Frequently Asked Questions About Volunteering
Anyone. There are rarely upper age limits; although occasionally, some roles require volunteers to be over 16.
You can volunteer for as much or as little time as suits you. Sometimes, it depends on the role you are doing but mostly it depends on how much time you can give. It can be days, evenings, weekends or a mixture. The role description will state if you’re needed at specific times.
Yes. There is a lot of misinformation about what you can and cannot do. If you are claiming benefits you must tell your benefits adviser. If you are claiming Job Seeker's Allowance (JSA) you must still actively seek work and be available to start at any opportunity. Volunteering shouldn't affect your benefits as long as the only money you receive is reimbursement of expenses.
Yes, absolutely (however, it must be noted some roles are not suited for all). Volunteer placements are interested in your ability not your disability. Some roles may require making a few simple adjustments to meet your needs. Thanks to digital technology more people can experience volunteering from home, if they prefer. However, if you want more social interaction there is everything from befriending to yachting available.
Volunteering should only cost you your time. Most organisations pay reasonable out of pocket expenses such as travel costs. However, this isn’t true for all groups. We request information about volunteer expenses when a role is registered with us. Meaning, you should know at your initial enquiry if these are paid or not.
This depends on the role and the organisation. Some organisations offer substantial training and support; while others expect you to learn on the job or contribute existing skills. It also depends on the type of work you will be doing. Any available information regarding training will be provided when you first inquire.
No, not always. Most volunteering opportunities don’t require criminal record disclosure. The exception is if you are likely to be in regular contact with children or ‘vulnerable’ adults. In these cases, the organisation you’d like to volunteer with may be legally obliged to conduct a disclosure check. These policies are in place ensure that you do not have any previous convictions that would make you unsuitable for working alongside children or vulnerable adults. If you do require a PVG the organisation will organise this on your behalf and there is no cost to the volunteer.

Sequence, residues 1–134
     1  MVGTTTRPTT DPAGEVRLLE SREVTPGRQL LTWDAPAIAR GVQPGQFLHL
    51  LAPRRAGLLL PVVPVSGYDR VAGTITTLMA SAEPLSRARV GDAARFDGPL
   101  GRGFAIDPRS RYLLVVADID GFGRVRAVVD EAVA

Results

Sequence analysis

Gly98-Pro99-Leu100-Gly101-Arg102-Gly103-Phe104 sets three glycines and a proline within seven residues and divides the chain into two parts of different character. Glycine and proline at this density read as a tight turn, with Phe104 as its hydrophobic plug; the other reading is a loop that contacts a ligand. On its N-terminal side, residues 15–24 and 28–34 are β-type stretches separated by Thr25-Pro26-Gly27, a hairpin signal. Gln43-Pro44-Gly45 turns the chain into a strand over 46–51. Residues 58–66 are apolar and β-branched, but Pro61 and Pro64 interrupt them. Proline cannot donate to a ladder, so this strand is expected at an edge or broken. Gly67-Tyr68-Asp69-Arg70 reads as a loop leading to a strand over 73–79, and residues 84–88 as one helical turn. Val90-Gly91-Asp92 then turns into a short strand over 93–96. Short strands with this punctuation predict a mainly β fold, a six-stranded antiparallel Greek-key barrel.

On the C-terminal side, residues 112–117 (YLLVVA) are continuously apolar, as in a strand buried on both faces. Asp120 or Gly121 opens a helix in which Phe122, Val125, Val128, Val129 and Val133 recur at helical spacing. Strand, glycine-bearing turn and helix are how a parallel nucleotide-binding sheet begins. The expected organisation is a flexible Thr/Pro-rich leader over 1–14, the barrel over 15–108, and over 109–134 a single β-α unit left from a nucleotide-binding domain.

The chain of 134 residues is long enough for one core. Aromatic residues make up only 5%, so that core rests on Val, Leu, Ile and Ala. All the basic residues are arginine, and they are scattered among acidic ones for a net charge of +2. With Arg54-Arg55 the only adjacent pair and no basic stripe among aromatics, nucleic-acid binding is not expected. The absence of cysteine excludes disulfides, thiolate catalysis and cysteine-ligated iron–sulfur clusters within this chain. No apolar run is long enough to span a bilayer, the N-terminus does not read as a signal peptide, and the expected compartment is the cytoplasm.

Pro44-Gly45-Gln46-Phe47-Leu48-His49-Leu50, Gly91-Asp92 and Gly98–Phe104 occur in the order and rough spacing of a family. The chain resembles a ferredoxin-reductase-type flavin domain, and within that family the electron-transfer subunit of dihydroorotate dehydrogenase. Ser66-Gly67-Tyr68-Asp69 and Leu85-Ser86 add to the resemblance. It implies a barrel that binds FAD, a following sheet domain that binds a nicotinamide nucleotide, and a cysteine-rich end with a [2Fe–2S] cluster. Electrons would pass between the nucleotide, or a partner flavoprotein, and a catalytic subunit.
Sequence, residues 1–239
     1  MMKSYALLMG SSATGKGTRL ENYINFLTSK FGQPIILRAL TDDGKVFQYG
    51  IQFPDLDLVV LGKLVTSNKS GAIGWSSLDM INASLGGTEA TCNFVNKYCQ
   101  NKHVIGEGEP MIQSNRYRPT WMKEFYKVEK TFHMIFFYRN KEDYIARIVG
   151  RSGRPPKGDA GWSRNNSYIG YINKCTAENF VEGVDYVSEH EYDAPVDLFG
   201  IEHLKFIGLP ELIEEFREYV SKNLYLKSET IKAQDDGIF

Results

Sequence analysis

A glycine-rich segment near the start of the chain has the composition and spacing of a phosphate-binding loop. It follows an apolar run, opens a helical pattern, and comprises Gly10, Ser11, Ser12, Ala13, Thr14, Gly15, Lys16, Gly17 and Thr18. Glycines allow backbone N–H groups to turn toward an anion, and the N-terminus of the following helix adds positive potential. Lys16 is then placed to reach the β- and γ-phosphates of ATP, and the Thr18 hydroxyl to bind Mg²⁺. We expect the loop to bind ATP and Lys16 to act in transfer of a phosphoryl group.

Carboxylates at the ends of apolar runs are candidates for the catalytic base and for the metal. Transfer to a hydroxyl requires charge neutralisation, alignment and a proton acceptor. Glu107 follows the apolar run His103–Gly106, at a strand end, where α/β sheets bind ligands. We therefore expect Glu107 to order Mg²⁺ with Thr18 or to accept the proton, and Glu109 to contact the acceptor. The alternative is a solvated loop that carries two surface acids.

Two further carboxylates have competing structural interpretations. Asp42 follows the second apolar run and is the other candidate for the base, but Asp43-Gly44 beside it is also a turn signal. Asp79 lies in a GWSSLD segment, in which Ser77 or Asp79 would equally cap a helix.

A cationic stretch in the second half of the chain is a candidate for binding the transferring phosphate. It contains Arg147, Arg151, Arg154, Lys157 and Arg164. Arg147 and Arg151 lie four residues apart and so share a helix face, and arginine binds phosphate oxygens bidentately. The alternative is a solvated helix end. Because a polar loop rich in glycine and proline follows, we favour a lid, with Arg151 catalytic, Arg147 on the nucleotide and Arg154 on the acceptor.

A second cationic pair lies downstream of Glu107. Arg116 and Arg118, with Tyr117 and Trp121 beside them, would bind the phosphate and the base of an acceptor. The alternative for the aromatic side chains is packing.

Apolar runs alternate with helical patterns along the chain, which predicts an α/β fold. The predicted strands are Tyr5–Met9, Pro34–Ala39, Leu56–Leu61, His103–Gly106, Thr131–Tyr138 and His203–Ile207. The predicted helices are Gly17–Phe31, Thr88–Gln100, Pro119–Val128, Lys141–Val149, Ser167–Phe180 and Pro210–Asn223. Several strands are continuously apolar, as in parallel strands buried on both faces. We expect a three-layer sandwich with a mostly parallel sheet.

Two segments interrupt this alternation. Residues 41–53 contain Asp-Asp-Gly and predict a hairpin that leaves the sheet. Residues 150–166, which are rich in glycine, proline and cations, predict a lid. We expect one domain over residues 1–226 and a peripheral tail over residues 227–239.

Yes, you can. Convictions do not automatically exclude people from volunteering. The Rehabilitation of Offenders Act is there to make sure you are not discriminated against because of a criminal conviction. Nevertheless, depending on your conviction, it may limit what you are able to do.
The amount of information you decide to disclose is entirely up to you. However, we find that those who choose to disclose convictions are more likely to be given an opportunity to explain the circumstances. Additionally, it is a chance to highlight any new skills you’ve gained while in prison or undertaking community service.
There is no outright answer for this. Most organisations and groups will have public liability insurance to cover their activities but volunteers are not always automatically covered. Similarly not all employers’ liability covers volunteering. Organisations registered with VAER must have volunteer insurance. If you have concerns or are in doubt about your insurance status ask the organisation for clarification.
Many organisations could benefit from volunteers who have a background in more than one language and your first language could be a real asset to them. The staff at VAER can help you with your application if you are struggling to understand what is being asked.
Yes. You are under no obligation to keep volunteering for an organisation if you are unhappy. However, it is always worth talking to somebody about this first. This could be your volunteer co-ordinator, a supervisor or someone in the organisation who is responsible for you or someone who you have got on with well. You can then discuss with them why you feel unhappy and what you feel would improve your time as a volunteer in the organisation.
If you feel that something is seriously wrong or someone is treating you badly it is also worth checking whether your organisation has a complaints procedure. The organisation would much rather try and resolve the issues making you unhappy than for you to leave.